Honors Theses Completed in 2010 by Political Science

and International Studies Majors

Erik Baumann, Philosophy and Political Science
Dr. Linda Adams, mentor

US Foreign Policy in Iran from 1953-2010: What it Was, Where it Went Wrong, and What can be done to make it better. A Policy Proposal for the Obama Administration

This thesis is a study of US foreign policy towards Iran from the Truman Administration to the Obama Administration. The paper analyzes the policy differences between presidential administrations and shows that they have continually ignored history when instituting new policies. History shows that the Iranians have strong anti-American sentiment that has been caused predominantly by US policies in their country. Consequently, many of the problems that Washington has with Tehran have been created through decades of ineffective US policies. Therefore, my thesis culminates in a foreign policy proposal for the Obama Administration that takes into account the importance of history and argues for a policy that I believe will most improve US-Iranian relations. The policy is unique because it has a long term outlook rather than trying to satisfy short term interests. In summary, I propose extending diplomatic hand to Iran through working with them on issues which both countries agree such as Iraq and Afghanistan; showing goodwill to the Iranians through the lifting of sanctions; accepting the fact that Iran will most likely join the nuclear club; and working to find a solution to the Israeli-Palestinian problem that satisfies both parties in order to reduce Iran’s support for international terrorism.

Matthew Berry, University Scholar
Dr. David Corey, mentor

War and Tragedy: Insights from Homer and Aeschylus

Every age has the ability to correct past mistakes, alongside the propensity to commit errors, new and old, to which earlier ages may have answers. Modern considerations of warfare often overlook a number of key facets of conflict, particularly with regard to the disorder war imposes on the polis and on the soul, and to the great difficulty involved in achieving a just peace. In short, the modern conversation concerning war lacks an understanding of the tragedy of war. Just as the ancient Athenians needed tragedy as an integral part of their cultural and political system, we moderns would benefit from a tempering appreciation of tragedy. The Ancients, possessing a keen sense of tragedy, augment our understanding of conflict, even revealing the possibility that some conflicts are irreconcilable; that is, some conflicts require the destruction or subordination of one system to another, due to the nature of the conflicting systems.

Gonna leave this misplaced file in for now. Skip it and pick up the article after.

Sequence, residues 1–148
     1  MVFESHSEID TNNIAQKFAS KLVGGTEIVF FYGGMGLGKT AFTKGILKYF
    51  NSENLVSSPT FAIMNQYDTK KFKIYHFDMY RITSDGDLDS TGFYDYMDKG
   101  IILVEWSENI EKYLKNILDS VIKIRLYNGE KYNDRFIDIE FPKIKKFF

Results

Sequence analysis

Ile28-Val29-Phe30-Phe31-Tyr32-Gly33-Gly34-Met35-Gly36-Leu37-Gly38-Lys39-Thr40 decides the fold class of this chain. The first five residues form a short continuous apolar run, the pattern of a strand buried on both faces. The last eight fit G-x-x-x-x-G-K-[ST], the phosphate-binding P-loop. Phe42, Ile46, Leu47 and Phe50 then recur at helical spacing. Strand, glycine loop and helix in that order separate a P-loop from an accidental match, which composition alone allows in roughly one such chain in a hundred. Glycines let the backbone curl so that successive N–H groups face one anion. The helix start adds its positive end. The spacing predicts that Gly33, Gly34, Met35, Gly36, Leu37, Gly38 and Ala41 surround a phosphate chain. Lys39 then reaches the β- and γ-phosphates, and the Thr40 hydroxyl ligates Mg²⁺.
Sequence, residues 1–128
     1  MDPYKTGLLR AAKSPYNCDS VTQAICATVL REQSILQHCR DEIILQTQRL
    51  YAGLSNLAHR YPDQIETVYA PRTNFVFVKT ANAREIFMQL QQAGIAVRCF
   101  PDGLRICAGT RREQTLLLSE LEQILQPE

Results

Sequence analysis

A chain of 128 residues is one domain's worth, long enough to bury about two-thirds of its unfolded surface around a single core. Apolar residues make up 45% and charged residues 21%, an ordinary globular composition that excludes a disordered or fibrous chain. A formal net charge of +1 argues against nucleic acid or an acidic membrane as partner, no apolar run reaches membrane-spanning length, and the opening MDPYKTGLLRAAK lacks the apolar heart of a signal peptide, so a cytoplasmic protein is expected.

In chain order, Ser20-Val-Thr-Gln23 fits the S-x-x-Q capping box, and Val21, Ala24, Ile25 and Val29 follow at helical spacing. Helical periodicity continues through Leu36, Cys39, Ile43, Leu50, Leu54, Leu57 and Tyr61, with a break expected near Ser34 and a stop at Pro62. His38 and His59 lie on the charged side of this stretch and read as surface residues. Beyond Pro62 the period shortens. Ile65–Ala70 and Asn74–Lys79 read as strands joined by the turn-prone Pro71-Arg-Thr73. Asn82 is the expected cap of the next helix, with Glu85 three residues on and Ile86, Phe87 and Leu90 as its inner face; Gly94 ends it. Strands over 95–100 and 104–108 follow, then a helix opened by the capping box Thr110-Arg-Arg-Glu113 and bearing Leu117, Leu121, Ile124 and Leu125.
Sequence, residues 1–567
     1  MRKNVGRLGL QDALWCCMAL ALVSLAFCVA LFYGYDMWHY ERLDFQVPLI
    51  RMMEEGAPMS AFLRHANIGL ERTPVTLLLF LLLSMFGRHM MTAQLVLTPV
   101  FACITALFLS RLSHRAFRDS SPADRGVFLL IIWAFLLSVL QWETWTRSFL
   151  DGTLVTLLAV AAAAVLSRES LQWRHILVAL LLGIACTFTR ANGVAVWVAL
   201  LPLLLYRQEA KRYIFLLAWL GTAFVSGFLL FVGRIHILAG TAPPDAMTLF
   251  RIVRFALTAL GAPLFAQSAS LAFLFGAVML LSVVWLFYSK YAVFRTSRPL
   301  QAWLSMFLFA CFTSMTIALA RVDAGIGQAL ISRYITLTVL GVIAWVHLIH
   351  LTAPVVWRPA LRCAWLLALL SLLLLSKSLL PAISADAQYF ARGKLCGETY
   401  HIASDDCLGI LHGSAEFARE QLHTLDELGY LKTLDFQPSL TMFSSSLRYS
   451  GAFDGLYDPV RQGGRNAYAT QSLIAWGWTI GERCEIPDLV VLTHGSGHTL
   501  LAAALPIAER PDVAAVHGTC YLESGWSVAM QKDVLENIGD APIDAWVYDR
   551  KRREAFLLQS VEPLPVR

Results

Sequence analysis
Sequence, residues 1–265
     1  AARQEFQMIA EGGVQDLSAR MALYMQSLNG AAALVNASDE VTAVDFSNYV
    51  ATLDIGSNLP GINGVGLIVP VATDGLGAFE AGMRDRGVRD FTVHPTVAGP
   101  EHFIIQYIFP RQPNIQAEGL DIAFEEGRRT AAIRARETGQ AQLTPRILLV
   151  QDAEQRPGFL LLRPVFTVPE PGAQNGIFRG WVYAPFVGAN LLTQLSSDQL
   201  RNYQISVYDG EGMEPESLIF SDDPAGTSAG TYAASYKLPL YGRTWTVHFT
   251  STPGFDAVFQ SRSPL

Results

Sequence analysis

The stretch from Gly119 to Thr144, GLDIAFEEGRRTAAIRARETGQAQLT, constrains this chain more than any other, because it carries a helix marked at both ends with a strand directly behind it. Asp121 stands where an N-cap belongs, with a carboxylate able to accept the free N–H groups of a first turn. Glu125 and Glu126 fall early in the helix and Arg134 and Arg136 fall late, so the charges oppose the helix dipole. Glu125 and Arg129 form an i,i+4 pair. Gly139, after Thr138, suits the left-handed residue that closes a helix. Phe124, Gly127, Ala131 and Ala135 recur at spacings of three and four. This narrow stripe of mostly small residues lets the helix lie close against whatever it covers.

Erica Gibbs, International Studies and French
Dr. Jerold Waltman, mentor

Executive-Legislative Relations in France and Great Britain

Relations between the executive and legislative branches in both Fifth Republic France and Great Britain have proven to be interesting and the executive has proven to be the stronger of the two branches, with politicians such as Tony Blair, Winston Churchill, Charles de Gaulle, and Margaret Thatcher coming to mind as these strong executives. France and Britain also have radically different histories, France with its past of revolutions and upheavals and Britain with its history of longstanding precedents and relative stability. Institutionally, both of their executive branches are stronger than their legislative branches, but for very different reasons. This thesis explores the history, political background, and current situation of both France and Britain and explains why two such different states are both moving in the same direction, with strong executives leading both states.

Rachel Huntsman, University Scholar
Dr. Victor Hinojosa, mentor

Memory, Isolation, and Apathy: Political Themes in One Hundred Years of Solitude

Gabriel García Márquez’s best-selling novel One Hundred Years of Solitude, winner of the Nobel Prize, defies easy categorization. The novel is set in the fictional town of Macondo, which allows García Márquez to create a world that spans epic proportions to include such themes as love, war, death, and solitude. While the focus of the novel is on the several generations of the Buendía family, the citizens of Macondo encourage a political reading of the novel through their failures in collective memory, isolation, and political apathy. This thesis argues that Macondo’s destruction comes about as a result of the combination of these themes. While García Márquez does not outline a particular political agenda in the novel, each of these themes resonates both with political principles in general and Colombia’s political experience in particular, which reveals the novel’s political insight.

Jessie Kuykendall, International Studies
Dr. Bradley Thayer, mentor

Winning Quiet Support in the Middle East, Soft Power Style: An examination of how the United States can use specific soft power methods to lessen the effectiveness of Islamic fundamentalist terrorism in the Middle East

Soft power methods have a definite role to play in the struggle against Islamic fundamentalist terrorism in the Middle East, especially in the area of winning over the opinions of the majority. This research examines specific soft power methods aimed at reaching those called “quiet supporters,” who sympathize in some ways with terrorist organizations but are not fully dedicated members. The study breaks down into three main categories: United States Government methods, new media sources, and techniques originating in the Middle East. In order to examine the potential of these methods more fully, the case studies of Saudi Arabia, Egypt and the United States are examined. The results show these soft power methods have the possibility for making great strides among quiet supporters. However, changes at the structural level and further research are needed to create an integration of hard power already in use and newly evolving soft power methods.